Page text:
That “something” was the start of Divine Savior and Pompano working together—an event that would eventually lead the Pompano congregation to join Divine Savior Ministries. Pompano put its church on the market and started meeting in a hotel room in nearby Coral Springs, a more stable, family-oriented neighborhood primed for Christian education.
Land search for a permanent location began, and when the search turned up options in nearby Palm Beach County, Hope, W. Palm Beach, also joined the discussion, because it had already been looking to start a church in that area.
The three congregations settled on a great location in Delray Beach, Florida, about 20 miles south of W. Palm Beach. With grants and loans from WELS Church Extension Fund, land was purchased, and building began. Pompano members closed their church and along with several families from W. Palm Beach became the core group of this new mission. The South Atlantic District Mission Board called Joel Schulz to plant this new church. On Oct. 29, 2017, the congregations celebrated an official merger under the name of Divine Savior.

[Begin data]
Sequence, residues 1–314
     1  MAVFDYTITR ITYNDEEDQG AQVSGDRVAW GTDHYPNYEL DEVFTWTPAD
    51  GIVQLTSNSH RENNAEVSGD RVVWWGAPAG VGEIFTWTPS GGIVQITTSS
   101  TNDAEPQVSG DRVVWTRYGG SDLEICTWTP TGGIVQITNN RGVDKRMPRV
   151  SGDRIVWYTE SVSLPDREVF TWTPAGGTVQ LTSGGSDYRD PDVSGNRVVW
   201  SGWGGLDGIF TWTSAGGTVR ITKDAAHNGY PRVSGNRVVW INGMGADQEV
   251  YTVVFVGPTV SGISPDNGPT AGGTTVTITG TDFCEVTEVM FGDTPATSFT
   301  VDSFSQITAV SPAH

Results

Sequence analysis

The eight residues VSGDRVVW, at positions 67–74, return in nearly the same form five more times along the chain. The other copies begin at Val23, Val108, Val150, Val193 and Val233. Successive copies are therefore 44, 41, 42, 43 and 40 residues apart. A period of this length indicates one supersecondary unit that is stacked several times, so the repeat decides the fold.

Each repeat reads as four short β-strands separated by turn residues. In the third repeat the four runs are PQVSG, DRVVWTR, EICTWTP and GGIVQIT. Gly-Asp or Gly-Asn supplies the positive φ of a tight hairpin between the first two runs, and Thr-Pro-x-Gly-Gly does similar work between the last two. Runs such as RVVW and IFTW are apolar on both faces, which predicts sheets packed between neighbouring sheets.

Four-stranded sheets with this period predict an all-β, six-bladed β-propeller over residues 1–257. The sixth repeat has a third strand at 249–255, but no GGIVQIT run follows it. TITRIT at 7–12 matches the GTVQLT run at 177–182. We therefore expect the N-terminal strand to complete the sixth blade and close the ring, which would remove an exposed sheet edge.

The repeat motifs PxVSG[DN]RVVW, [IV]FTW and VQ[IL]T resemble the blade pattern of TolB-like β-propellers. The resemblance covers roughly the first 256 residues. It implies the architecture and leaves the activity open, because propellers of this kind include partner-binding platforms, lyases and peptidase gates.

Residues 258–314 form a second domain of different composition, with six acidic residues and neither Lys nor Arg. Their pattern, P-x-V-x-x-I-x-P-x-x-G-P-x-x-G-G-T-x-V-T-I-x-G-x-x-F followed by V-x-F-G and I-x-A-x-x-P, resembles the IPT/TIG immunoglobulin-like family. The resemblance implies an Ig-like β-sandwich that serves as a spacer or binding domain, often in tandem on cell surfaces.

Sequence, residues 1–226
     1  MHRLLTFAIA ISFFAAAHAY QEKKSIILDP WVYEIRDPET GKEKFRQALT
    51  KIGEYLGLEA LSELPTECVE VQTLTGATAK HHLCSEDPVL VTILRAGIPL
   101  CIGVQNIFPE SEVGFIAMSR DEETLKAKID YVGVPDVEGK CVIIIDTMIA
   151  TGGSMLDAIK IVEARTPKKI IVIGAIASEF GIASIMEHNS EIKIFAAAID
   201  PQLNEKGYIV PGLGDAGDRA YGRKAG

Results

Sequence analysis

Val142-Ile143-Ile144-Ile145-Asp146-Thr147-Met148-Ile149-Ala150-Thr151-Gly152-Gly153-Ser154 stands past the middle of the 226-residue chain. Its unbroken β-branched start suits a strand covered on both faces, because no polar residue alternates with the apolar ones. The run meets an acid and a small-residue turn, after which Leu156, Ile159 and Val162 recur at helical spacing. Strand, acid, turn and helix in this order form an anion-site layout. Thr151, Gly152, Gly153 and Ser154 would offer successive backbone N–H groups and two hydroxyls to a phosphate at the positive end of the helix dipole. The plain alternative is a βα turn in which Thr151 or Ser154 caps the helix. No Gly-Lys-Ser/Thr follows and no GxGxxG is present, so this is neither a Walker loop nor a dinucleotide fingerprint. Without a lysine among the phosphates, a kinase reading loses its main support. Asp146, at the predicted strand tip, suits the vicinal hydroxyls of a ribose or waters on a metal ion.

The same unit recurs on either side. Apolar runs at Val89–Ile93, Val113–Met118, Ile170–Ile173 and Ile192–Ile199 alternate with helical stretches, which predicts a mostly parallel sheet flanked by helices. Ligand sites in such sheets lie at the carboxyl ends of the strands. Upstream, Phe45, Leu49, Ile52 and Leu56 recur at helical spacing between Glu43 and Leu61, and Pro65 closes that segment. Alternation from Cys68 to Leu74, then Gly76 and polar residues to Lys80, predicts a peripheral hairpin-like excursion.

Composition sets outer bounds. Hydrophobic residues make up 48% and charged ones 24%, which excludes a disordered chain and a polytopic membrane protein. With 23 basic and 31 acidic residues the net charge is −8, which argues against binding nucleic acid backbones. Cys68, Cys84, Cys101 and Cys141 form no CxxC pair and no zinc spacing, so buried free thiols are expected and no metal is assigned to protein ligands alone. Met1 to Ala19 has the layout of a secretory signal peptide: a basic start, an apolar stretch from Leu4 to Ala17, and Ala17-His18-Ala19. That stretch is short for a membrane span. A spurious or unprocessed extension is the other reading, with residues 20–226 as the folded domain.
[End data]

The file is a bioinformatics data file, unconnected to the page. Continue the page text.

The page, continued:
Boggs says this was a group effort with each congregation having a role: Pompano provided starting cash from the sale of its old church property; Doral brought in the systems and financial backing; and Hope added a growing, stable, experienced ministry to help the mission church. “We had three different sites, offering three different things,” says Boggs. “None of us was going to be able to do this by ourselves but together we were able to start a congregation in an area of South Florida that desperately needed the gospel to be proclaimed.”